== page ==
In one of the biggest media mergers in history, AOL acquired Time Warner for $182 billion in 2000 to form $350 billion mega-corporation, AOL Time Warner
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The volume and size of mergers and acquisitions saw a significant decrease this year as macro headwinds weighed down the global market.
For the first time in over three years, there were no mega deals valued over $10 billion during the third quarter, according to the latest M&A report by Willis Towers Watson. There were only 49 large deals valued over $1 billion during the quarter, as compared with 67 large deals closed in the same period a year ago.
Despite global recession fears, geopolitical tensions and expectations for inflation and interest rates to keep rising in 2023, WTW predicts dealmaking activity will continue.
“An unprecedented number of disruptive forces have created headwinds for dealmakers, but they are also generating opportunities,” said Massimo Borghello, head of human capital M&A consulting, Asia Pacific at WTW.
“The fundamentals that drive dealmaking are still in place and, with valuations moderating after the historic levels reached in 2021, strategic and financial buyers alike will take advantage of better-priced opportunities for growth.”
Willis Towers Watson predicted recession fears could trigger a “lipstick” effect next year, where buyers increasingly focus on smaller deals, rather than big-ticket deals.
The challenging operating environment will also drive companies to sell off non-core assets, WTW said. For example, energy firms could continue to divest carbon intensive assets.
“This can create opportunities for buyers to expand product lines, services or supply chains at a reduced rate,” the report said.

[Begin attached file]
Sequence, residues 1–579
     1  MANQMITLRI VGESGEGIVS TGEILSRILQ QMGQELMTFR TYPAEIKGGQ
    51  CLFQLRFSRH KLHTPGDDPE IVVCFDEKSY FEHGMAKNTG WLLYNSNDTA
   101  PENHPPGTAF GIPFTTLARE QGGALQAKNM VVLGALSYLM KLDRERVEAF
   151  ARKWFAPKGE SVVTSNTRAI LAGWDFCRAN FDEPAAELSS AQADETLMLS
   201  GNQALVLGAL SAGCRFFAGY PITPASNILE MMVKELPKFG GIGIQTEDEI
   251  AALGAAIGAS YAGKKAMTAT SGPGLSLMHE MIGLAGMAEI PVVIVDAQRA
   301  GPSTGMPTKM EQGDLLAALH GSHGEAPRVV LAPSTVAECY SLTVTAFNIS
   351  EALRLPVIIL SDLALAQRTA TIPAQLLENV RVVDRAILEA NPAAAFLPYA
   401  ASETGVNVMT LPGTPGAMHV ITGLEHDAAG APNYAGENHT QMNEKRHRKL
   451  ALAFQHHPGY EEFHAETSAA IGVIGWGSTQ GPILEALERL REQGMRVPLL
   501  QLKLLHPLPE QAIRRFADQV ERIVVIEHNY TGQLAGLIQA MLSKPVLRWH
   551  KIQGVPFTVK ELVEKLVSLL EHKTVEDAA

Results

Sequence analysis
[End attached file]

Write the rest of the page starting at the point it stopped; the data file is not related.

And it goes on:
The tech sector could see a wave of acquisitions in the AI and machine learning markets in 2023 with the need for speed in digital transformation across all industries.
Persistent, pandemic-era supply chain disruptions could drive companies to look to M&A to boost operational resilience.
WTW said China’s dealmaking will increasingly focus on domestic consolidation, ahead of outbound ambitions. In Asia-Pacific, momentum from deal activity in renewable energy will flow into next year, as environmental, social, and corporate governance continues to be a driver.
“As we move into 2023, economic uncertainty will continue to define and challenge M&A activity, but there will also be opportunities. In Asia Pacific, digital transformation, energy transition and the process of adapting to geopolitical impacts will continue to provide impetus for dealmaking, as strategic buyers seek to realise transformational growth,” said Borghello.
Bioscience companies Novozymes and Chr. Hansen are set to merge in biggest-ever Danish deal by the fourth quarter of 2023. [[should we move this up to above section?]] Sheila: works as the closing of the story but also OK to move this up where you deem fit
This year, Malaysia’s telco conglomerate Axiata Group Berhad, Telenor Asia and Malaysian telco provider Digi completed a merger of telco operations to form Celcom Digi.